5. Then know that I as Snug the joiner am
  6. A lion fell, nor else no lion’s dam,
    Apr 7, 2019 Miko
    This phrase could have one or both of two meanings. 1) A fierce lion - "fell" means fierce or savage. 2) Wearing a lion costume - "fell" is a term for an animal skin.
    Apr 7, 2019 Miko
    Snug seems to be assuring the audience that he is also not a lion's mother. Perhaps there is some joke here that a modern audience doesn't get.
  7. For, if I should, as lion, come in strife
  8. Into this place, ’twere pity on my life.

Theseus

230
  1. A very gentle beast, and of a good conscience.

Demetrius

231 - 232
  1. The very best at a beast, my lord, that e’er I
  2. saw.

Lysander

233
  1. This lion is a very fox for his valor.
    Apr 8, 2019 Miko
    Snug is smart, brave.

Theseus

234
  1. True; and a goose for his discretion.
    Apr 8, 2019 Miko
    The goose was a symbol of foolishness.

Demetrius

235 - 236
  1. Not so, my lord; for his valor cannot carry his
  2. discretion, and the fox carries the goose.

Theseus

237 - 239
  1. His discretion, I am sure, cannot carry his valor;
  2. for the goose carries not the fox. It is well; leave
  3. it to his discretion, and let us listen to the Moon.

Moonshine

240
  1. This lanthorn doth the horned moon present
    Apr 8, 2019 Miko
    crescent

Demetrius

241
  1. He should have worn the horns on his head.
    Apr 8, 2019 Miko
    A joke based on the idea that cuckolds (men whose wives are cheating on them) supposedly grow horns on their heads. Elizabethans loved cuckold jokes.

Theseus

242 - 243
  1. He is no crescent, and his horns are invisible
  2. within the circumference.

Moonshine

244 - 245
  1. This lanthorn doth the horned moon present;
  2. Myself the man i’ th’ moon do seem to be.

Theseus

246 - 248
  1. This is the greatest error of all the rest.
  2. The man should be put into the lanthorn. How
    Apr 8, 2019 Miko
    Theseus is pointing out that the man-in-the-moon should be inside the lanthorn, not outside.
  3. is it else the man i’ th’ moon?

Demetrius

249 - 250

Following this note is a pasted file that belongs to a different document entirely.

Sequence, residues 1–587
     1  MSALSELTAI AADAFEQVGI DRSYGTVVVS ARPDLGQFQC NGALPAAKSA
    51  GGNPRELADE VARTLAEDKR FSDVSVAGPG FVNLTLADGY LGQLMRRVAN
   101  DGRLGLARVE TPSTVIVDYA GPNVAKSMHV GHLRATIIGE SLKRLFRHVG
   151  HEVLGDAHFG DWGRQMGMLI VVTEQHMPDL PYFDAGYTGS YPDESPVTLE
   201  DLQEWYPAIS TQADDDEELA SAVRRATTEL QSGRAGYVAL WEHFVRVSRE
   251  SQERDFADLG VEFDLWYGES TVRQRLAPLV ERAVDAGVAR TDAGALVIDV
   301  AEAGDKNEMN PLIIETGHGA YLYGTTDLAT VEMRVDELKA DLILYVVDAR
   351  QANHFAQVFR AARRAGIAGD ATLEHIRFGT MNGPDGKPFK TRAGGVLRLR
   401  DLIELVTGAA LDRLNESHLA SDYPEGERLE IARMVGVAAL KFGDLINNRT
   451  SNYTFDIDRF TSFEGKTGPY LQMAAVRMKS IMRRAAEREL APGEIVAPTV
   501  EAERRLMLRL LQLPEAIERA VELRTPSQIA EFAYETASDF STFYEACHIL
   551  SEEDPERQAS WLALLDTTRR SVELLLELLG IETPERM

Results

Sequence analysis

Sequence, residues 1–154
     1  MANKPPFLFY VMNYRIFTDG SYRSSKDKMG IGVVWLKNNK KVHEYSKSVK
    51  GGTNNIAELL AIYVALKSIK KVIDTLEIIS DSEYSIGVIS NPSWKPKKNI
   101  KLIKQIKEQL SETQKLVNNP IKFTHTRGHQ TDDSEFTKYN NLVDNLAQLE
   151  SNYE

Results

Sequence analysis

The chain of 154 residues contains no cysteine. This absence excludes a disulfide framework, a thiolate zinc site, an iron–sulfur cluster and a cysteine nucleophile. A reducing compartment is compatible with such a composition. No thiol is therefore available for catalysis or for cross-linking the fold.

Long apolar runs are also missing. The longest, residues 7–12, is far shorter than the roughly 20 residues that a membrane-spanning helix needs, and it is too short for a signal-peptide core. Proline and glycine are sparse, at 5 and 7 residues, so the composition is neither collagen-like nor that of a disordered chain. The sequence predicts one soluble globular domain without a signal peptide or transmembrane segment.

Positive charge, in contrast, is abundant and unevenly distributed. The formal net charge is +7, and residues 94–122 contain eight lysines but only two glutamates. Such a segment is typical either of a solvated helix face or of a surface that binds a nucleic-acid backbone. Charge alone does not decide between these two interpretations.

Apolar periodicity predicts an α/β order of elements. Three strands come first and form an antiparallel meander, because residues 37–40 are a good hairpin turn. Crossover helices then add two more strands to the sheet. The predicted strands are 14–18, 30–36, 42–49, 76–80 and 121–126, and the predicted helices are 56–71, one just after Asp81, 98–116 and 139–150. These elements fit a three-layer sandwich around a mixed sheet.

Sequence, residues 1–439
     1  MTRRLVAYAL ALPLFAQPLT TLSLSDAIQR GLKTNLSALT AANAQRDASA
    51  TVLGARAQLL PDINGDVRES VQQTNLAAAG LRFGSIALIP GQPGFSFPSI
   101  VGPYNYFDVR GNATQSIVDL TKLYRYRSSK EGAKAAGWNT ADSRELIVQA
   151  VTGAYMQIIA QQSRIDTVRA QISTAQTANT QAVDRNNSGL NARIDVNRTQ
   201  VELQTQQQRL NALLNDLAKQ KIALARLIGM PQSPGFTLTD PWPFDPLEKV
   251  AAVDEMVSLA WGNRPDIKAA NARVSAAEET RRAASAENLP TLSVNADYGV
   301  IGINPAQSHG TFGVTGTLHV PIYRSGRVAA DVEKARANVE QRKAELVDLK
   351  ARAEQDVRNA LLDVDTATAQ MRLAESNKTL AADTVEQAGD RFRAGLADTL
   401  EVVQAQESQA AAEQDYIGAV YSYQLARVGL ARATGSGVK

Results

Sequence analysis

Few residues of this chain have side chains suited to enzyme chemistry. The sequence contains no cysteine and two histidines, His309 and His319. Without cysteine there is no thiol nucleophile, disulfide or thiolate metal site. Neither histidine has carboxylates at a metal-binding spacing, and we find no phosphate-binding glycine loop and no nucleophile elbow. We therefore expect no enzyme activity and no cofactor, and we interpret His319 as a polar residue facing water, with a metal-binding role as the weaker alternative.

1. He dares not come there for the candle; for, you
  2. see, it is already in snuff.
    Apr 8, 2019 Miko
    Demetrius plays on two meanings of "snuff". 1) Part of the candle wick that needs to be trimmed. 2) Angry. Perhaps Moonshine (Robin Starveling) is becoming impatient with the audience's interruptions. Notice that he starts his speech over after the first interruption. Furthermore, in the next line, Hippolyta says she is ready for Moonshine to leave.

Hippolyta

251 - 252
  1. I am a-weary of this moon. Would he would
    Apr 8, 2019 Miko
    The First Folio only has "wearie" without the "a".
  2. change!

Theseus

253 - 255
  1. It appears, by his small light of discretion, that
    Apr 8, 2019 Miko
    Theseus seems to be calling Starveling stupid. His "small light of discretion" refers to both the candle and Starveling's intelligence.
  2. he is in the wane; but yet in courtesy,
  3. in all reason, we must stay the time.
    Apr 8, 2019 Miko
    To be reasonable, we must wait for him to finish.

Lysander

256
  1. Proceed, Moon.

Moonshine

257 - 260
  1. All that I have to say is to tell you that the
  2. lanthorn is the moon, I the man i’ th’ moon, this
  3. thorn-bush my thorn-bush, and this dog my
  4. dog.
    Apr 8, 2019 Miko
    Starveling has apparently gotten so flustered that he's given up on reciting verse and simply describes himself in prose.

Demetrius

261 - 263
  1. Why, all these should be in the lanthorn; for all